Handyman to be tried for murder in slaying of retired Villanova prof

Posted: March 27, 2014

JOSE DIAZ did not flinch yesterday when a city prosecutor presented DNA and bloody-boot-print evidence that allegedly linked him to the December stabbing death of retired Villanova University professor Carol Ambruster.

And at the end of the preliminary hearing, when Municipal Judge Teresa Carr Deni ordered Diaz to stand trial for murder, robbery and related counts, he remained just as unfazed.

Defense attorney Benjamin Cooper, after the hearing, told reporters that Diaz, 42, was a handyman at Ambruster's Germantown apartment building, he knew her and was sad to hear that she had been killed, but was not guilty.

"He didn't do it," Cooper said of Diaz. "It's only a preliminary hearing. We didn't get a chance to cross-examine them about [the DNA evidence]. We'll see what the investigation reveals."

Assistant District Attorney Mark Levenberg had a somewhat different take.

"There's no question Jose Diaz committed this crime," Levenberg said. "It was a brutal and horrific beating and robbery - and he'll be held accountable for it."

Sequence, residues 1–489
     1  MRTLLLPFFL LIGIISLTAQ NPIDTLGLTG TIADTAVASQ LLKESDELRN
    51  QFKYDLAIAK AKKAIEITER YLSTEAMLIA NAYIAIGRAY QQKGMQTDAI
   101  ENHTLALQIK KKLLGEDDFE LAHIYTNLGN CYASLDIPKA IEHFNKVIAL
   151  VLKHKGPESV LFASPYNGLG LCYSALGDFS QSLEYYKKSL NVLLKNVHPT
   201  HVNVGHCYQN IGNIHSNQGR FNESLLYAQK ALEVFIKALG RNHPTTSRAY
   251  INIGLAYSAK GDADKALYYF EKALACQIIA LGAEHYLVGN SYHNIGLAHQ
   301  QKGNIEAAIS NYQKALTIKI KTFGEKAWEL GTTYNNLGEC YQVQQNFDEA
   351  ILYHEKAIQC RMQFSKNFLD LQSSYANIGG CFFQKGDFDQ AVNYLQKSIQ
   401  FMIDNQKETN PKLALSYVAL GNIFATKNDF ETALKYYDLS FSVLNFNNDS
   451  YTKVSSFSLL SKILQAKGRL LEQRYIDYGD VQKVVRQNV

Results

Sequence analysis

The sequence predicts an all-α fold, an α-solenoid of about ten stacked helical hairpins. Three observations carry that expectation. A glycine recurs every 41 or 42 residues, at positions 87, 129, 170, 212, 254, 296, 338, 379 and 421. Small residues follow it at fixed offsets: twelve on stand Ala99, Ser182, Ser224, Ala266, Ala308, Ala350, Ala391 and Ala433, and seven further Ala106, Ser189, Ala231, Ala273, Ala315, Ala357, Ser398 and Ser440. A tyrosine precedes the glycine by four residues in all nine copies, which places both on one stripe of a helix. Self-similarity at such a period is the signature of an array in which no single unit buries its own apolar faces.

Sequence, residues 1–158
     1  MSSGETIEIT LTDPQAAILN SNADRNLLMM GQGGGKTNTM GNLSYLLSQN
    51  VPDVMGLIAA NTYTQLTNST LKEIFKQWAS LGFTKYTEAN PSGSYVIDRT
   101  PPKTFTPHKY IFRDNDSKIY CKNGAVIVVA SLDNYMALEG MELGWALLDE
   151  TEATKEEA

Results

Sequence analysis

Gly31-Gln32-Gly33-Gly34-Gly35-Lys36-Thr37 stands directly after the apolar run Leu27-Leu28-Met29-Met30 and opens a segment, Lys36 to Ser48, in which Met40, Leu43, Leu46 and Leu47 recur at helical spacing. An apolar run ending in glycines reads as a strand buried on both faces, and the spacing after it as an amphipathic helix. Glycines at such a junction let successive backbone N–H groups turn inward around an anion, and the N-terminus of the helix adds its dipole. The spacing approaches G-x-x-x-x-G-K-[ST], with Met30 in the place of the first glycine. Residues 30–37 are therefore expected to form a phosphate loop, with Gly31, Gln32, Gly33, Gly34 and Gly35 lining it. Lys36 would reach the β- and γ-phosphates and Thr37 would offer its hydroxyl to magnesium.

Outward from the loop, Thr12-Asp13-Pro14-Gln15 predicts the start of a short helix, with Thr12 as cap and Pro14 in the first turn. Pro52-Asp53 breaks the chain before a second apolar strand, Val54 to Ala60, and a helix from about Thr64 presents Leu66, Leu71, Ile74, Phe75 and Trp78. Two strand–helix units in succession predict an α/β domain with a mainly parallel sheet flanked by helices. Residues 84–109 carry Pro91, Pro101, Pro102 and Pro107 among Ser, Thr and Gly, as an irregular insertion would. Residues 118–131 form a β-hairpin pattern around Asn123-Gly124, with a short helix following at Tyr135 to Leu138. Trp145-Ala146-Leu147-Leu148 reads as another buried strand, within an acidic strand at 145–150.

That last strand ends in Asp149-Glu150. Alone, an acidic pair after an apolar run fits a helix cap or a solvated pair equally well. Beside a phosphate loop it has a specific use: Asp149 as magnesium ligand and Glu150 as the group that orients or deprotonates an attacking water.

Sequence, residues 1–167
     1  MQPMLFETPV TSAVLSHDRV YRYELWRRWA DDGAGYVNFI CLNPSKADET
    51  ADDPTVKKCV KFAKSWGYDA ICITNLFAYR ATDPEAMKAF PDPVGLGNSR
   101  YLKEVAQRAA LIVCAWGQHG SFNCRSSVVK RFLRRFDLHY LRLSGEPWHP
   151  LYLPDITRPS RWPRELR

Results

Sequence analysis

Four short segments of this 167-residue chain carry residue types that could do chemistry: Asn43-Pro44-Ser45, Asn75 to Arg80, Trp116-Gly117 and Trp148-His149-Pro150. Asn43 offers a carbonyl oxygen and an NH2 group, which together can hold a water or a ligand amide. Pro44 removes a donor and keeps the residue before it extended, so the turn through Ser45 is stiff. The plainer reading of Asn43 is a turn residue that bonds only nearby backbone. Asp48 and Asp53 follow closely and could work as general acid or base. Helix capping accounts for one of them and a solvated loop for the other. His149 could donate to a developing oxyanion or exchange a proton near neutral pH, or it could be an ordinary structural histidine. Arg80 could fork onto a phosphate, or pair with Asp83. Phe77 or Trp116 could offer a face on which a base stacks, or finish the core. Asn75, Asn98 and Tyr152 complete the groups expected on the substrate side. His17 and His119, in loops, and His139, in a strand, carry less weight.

During the hearing, he told Deni that boots recovered from the defendant's house on West Hansberry Street near Greene contained blood from Ambruster, 69, as well as from Diaz.

Police officer John Taggart testified that footprints left in Ambruster's Wayne Avenue apartment, where the retired astronomy professor's lifeless body was found Dec. 9, were similar to the size 8 boots recovered from the defendant's apartment.

Taggart, of the Crime Scene Unit, and city EMT Joseph Gilmore testified that a large amount of dried blood was on the apartment floor, starting at the front door and trailing to the victim's body in the kitchen.

Ambruster's roommate found her body and called police to the second-floor apartment, where no forced entry was detected, police have said.

When he arrived on the scene, Gilmore testified, "what appeared to be a butcher knife" was still stuck in the victim's neck.

Her purse was open and near her feet, its contents scattered, he said.

Taggart testified that pants and shirts taken from Diaz's home are still being tested to determine if they contain any evidence.

Levenberg, however, said the evidence already collected points to Diaz.

"His boots had the victim's blood on them, they were found in his house. The footprint matches," he said. "This was a robbery - somebody who was looking for money, obviously desperate, and brutally beat and killed Ms. Ambruster."

On Twitter: @MensahDean

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